Correct burms are oriented with an apex that is about perpendicular to the topo lines. They also have a grade reversal shortly after them.

  8. #8
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    interesting post.

    Quote Originally Posted by Fattirewilly
    I'm familiar with what you're talking about. Unlike burm turns or inslope turns that are an acceptable alternative to a switchback in some locations, the trail you describe probably already has a fall line orientation. When it takes a turn, the water has half a chance of sheeting off the trail, and someone comes along and builds a burm to carry more momentum. Probably dug a hole two feet away from the burm. The bum causes a mud hole and sends water straight down the trail.

    Correct burms are oriented with an apex that is about perpendicular to the topo lines. They also have a grade reversal shortly after them.
    I think I get the essence of what you are saying, though I can't immediately picture building a berm as a switchback alternative. (I'll study up on that! )

    But you've definitely nailed the problem, namely that whoever is building the berms is doing it to carry momentum, without regard to drainage. And I'm seeing it on 2 types of trails, both ones that are more fall line oriented, and ones that are more XC. Yesterday I was on a more xc type trail that has had berms added. The trail is a very fun, tight, twisty one through the woods, with grade reversals, and outsloped corners to allow water to sheet of the trail. It's very challenging to ride fast and not smack a tree or wash out of a corner. But someone has been adding berms on the outslopes, which is going to lead to mud problems, and, in my opinion, dumbs down the trail as well.

  9. #9
    featherweight clydesdale
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    Quote Originally Posted by HarryCallahan
    I think I get the essence of what you are saying, though I can't immediately picture building a berm as a switchback alternative. (I'll study up on that! )
    I think Seenvic is describing a burm alternative to switchback as well. The rock/french drain is an interesting twist and sounds like a good idea.

    I think IMBA calls it an "inslope turn" if you want to look it up.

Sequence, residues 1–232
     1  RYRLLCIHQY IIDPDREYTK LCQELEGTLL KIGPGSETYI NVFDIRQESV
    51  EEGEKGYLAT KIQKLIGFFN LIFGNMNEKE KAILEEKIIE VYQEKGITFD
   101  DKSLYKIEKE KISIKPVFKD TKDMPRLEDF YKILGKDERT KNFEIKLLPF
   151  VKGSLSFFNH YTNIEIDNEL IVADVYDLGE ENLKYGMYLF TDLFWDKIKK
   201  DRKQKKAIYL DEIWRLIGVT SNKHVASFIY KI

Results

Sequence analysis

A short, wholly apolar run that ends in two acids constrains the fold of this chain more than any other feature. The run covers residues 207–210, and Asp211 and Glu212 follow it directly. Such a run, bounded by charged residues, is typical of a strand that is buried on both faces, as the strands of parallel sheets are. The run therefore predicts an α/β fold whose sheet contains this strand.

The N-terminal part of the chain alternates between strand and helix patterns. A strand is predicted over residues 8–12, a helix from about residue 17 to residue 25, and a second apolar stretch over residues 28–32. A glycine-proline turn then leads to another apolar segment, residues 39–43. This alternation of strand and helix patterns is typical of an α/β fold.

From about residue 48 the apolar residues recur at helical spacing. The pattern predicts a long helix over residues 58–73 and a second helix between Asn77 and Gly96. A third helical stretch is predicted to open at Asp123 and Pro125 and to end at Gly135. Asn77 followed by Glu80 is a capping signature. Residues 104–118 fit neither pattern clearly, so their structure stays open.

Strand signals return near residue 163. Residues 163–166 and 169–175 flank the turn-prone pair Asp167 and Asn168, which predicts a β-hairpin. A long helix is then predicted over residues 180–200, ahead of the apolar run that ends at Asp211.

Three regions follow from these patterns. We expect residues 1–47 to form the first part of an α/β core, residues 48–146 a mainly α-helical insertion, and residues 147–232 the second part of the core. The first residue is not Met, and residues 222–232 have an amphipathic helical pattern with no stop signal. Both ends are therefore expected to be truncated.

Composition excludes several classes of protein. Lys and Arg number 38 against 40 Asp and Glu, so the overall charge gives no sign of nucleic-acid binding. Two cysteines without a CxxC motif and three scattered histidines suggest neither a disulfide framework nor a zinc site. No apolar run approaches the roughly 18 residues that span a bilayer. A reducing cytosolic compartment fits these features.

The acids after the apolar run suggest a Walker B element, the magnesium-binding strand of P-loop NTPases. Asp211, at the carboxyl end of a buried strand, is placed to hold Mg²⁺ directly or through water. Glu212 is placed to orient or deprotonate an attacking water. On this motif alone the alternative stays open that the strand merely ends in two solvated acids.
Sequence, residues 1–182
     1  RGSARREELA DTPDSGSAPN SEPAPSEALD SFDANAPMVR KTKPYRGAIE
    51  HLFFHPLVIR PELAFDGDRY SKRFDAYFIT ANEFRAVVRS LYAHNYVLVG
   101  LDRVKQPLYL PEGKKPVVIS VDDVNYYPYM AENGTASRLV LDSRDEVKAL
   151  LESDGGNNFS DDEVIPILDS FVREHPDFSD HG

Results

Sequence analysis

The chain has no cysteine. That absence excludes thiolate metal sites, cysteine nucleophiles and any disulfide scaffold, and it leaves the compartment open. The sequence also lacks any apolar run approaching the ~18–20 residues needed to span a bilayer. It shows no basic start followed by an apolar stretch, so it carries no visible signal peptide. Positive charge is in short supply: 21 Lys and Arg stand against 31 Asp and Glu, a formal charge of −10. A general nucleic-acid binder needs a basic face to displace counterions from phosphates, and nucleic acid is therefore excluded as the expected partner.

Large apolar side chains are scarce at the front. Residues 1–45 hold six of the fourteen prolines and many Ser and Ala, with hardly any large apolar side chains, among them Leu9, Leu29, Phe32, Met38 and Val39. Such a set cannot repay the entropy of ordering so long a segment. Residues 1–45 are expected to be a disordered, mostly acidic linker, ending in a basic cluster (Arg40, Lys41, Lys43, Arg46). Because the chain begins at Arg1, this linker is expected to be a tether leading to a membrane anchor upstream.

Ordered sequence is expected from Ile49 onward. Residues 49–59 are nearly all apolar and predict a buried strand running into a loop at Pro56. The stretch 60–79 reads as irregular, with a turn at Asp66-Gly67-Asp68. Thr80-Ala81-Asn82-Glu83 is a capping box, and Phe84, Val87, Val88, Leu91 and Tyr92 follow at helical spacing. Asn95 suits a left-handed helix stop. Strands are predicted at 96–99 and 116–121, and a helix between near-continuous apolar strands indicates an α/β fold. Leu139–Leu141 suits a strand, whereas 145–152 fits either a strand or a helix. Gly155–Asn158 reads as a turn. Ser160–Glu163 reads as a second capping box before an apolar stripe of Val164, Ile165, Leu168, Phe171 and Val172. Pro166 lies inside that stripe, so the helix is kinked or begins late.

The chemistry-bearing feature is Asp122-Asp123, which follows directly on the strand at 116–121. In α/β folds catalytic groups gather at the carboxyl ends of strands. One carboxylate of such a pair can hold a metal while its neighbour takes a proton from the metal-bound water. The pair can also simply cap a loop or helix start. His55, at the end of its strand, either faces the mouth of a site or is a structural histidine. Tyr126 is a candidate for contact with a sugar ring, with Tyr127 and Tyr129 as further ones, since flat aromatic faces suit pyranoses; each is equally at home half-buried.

10. #10
    Ride da mOOn Moderator
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    Good job!

    Berms are Great!

    Providing we are talking about non motorized use here only

    We build a berm turning into slope by first creating a water diversion(s) upstream. Depending on length of the straight coming into the turn you might have to use a few diversions. I don't mean water bars either. If you can do a few dips and slight turns upstream you will thus cut the water flow down into the turn.
    Now with that said, we make our berm with a drain in the center by cutting the berm wall and installing a rock culvert then matching the angle of the berm wall so it doesn't disturb the path of the tires. A flat rock to cover the hole a bit. Of course you have to have flat rocks around. Lot's here in Pa from old farm walls, bonus!
    On the outside of the berm make the outflow clear of debris and angled away fron the berm. This will leave you with only one minor maintenance chore. Keeping the drain clear of leaves, and sticks. Please remember I have no way of knowing your location or soil. This works for us and I hope it helps others!

  11. #11

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    just lay some pvc pipe before building a berm. Not such a big deal and it's not very hard to maintain. Here's one thats 4' tall and drains fine.
    <a href="https://photobucket.com" target="_blank"><img src="https://i242.photobucket.com/albums/ff15/unosprocket/100_0687.jpg" border="0" alt="Photo Sharing and Video Hosting at Photobucket"></a>

  12. #12
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    I appreciate all the posts here.

    What I'm reading is that berms can be OK, IF, they are built and maintained in such a way that they allow water to flow off the trail. On the other hand, if a berm is built across an outslope turn grade reversal and there is no provision for drainage, then there may be a problem. Have I got that right?

  13. #13
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    Quote Originally Posted by HarryCallahan
    I appreciate all the posts here.

    What I'm reading is that berms can be OK, IF, they are built and maintained in such a way that they allow water to flow off the trail. On the other hand, if a berm is built across an outslope turn grade reversal and there is no provision for drainage, then there may be a problem. Have I got that right?

    The IMBA Book has a couple of good ideas that work where if you look closely.....you enter the turn on an insloped surface that continues behind the turn and drains away further past the turn and the turn dips and turns back into a rolling dip to immediately drain the second half of the turn where it can rise up slightly to define the RD and continue in the same direction or turn back on itself again. If you stack them you need to offset or stagger them from the drainage or Rd's from above.

    Drain away from the low inside of the turn to a lower area or create a drainage trench away from the trail. We are about to build something like that along a continuous section like a curved spine and drain water off of the trail to lower areas on both sides of the trail.
    IF YOU CAN READ THIS, YOU'RE NOT RIDING (or building)!